Review Summary: The most ubiquitous number in progressive music.
I’m going to say it as delicately as I can: Caress of Steel
blew. Rush’s infamous third album was poorly received by music listeners and critics for its overblown ambition and poor, corny execution. Was it deplorable beyond all reason? Not entirely, no. It was, however, a misjudgment of the band’s capability to write good progressive music and a misjudgment of their fanbase’s desire to listen
to progressive music - a classic case of a young band getting swept off their feet by their own ambition and releasing something that shouldn’t have left the blueprints without some heavy proofreading. The commercial failure of Caress of Steel
inevitably led to the band’s label prompting them not to write any “prog-epics” for their new album. This
, however, naturally led to Rush writing a 20-minute, 7-part-suite concept song set hundreds of years in the future and putting said song on an album that would ironically go platinum in only a matter of years. Awesome.
Yet I have to deliver some unfortunate news on the subject of the album in question, 2112
: although it is by every mean a “classic” in terms of its influence on basically all progressive music, it is not a classic in the sense of flawlessness. Although there is no inherently bad
track on 2112
(although ‘The Twilight Zone’ and ‘Tears’ come dangerously close), the album suffers from extreme disjointedness between the 20 minute title track and the other 5 songs. 2112
has terrible continuity - something that, especially as a progressive band, you’d normally want to include in your albums. The track itself though - ‘2112’ - is basically the best song ever. Fishtailing its way through absolutely maniacal instrumental interludes (‘Overture’, ‘Grand Finale’), tranquil, moody pit stops (‘Discovery’, ‘Soliloquy’) and bat*** banshee screeching (‘The Temples of Syrinx’, ‘Presentation’), ‘2112’ is the audible embodiment of Rush’s finest hour (in the realm of progressive music, that is). The story is unfortunately typical Peart-blimey: in the year 2112, instruments have been banned - but a young boy discovers a guitar and shows it to the high council only to taste rejection and subsequently commit suicide. Yet in the context of the story, the band puts together music to match the concept quite beautifully. In ‘Presentation’, you can hear the conversation play out musically between the priests (shrieking banshee vocals) and the protagonist (soothing vocals). In ‘Discovery’, as the protagonist of the story literally discovers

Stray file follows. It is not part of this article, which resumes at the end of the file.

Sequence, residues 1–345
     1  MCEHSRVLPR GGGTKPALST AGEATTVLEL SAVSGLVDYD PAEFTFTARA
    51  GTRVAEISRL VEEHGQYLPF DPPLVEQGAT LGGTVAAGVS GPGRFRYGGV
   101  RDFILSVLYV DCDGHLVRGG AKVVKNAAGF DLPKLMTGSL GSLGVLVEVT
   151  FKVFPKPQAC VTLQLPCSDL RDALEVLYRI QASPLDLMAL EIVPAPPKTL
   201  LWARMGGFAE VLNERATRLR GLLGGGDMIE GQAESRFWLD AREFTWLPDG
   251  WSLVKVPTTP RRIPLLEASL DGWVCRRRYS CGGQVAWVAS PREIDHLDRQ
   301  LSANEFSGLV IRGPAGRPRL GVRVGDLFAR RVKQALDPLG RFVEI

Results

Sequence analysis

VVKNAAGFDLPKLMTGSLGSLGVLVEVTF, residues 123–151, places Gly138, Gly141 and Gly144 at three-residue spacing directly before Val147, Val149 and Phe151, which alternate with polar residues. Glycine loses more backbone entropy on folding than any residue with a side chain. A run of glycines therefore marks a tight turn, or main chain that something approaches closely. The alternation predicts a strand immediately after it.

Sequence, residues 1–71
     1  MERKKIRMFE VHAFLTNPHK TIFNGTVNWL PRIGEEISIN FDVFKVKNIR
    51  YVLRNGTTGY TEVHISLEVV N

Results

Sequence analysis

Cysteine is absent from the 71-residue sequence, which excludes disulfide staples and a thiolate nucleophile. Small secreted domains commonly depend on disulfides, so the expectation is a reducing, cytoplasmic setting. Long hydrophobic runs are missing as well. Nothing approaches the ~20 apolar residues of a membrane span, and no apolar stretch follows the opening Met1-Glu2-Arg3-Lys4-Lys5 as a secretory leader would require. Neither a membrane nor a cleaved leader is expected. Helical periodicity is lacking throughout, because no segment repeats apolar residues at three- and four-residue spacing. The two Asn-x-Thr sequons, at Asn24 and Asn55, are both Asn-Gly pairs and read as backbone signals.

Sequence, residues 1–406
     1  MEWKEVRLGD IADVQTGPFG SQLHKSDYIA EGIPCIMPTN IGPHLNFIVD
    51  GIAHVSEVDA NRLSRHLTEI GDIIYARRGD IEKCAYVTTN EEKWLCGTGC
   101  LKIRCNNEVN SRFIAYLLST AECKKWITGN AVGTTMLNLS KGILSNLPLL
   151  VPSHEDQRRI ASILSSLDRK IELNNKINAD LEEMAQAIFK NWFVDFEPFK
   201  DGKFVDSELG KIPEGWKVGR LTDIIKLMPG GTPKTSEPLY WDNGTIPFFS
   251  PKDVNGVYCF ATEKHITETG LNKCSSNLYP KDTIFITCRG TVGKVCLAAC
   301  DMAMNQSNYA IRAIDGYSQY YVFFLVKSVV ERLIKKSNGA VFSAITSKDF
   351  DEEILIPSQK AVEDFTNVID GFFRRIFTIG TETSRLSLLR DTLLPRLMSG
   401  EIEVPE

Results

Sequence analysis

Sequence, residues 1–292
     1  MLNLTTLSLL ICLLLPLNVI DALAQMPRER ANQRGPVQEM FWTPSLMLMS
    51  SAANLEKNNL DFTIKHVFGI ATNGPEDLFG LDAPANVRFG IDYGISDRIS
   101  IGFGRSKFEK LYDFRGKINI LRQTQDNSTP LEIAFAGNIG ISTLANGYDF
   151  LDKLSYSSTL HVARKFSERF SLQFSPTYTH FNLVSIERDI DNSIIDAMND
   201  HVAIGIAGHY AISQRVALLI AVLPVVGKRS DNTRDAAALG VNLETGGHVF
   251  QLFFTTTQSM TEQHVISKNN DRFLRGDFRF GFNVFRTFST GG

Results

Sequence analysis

a guitar, you can hear Alex Lifeson’s guitar playing progress from one string noodling to complex chord patterns as the protagonist in the story teaches himself how to play. On top of that, in the final seconds of the protagonist’s life, Geddy’s concluding wretch “my life blood... Spills over...
” in ‘Soliloquy’ is probably the best thing to ever come out of Mr. Lee’s mouth.
Unfortunately, the second half of 2112
(the album) does not live up to the first half. ‘Passage to Bangkok’ is an amusing and rather fun song that’s only slightly tainted by the band’s usage of “the asian riff” and ‘Lessons’ showcases some of Geddy Lee’s best bass playing ever. The sour patches that are the incredibly boring ‘The Twilight Zone’ and the stupendously cheesy ‘Tears’, however, bring the second half of the album down enough to forget whatever potential ‘Something for Nothing’ would end up having. ‘Tears’ starts out promisingly - subtle acoustic guitar and a relaxed, melancholic Geddy - but as the song devolves into unbearably bad string sections accompanied by AM jazz radio everyman-drumming (for shame, Neil Peart), ‘Tears’ turns into a lulling sapfest. ‘The Twilight Zone’ is much less offensive, as it sports a more than enjoyable, minimalist chorus and main riff/solo. Unfortunately, the disjointedness between the verses and chorus make the song a quizzically mismatched potpourri of different ideas.
As for 2112
’s status as a revered classic prog album - it’s undeniable that Rush deserve every bit of praise they get for the monumental title track, but it’s equally obvious that 2112
as an album is missing the pieces needed to make it perfect. Despite being arguably one of the most influential albums of all time, it’s not an entirely complete work. But hey. Best to give praise where praise is due, and as I said (albeit colloquially, for me) - ‘2112’ is basically the best song ever.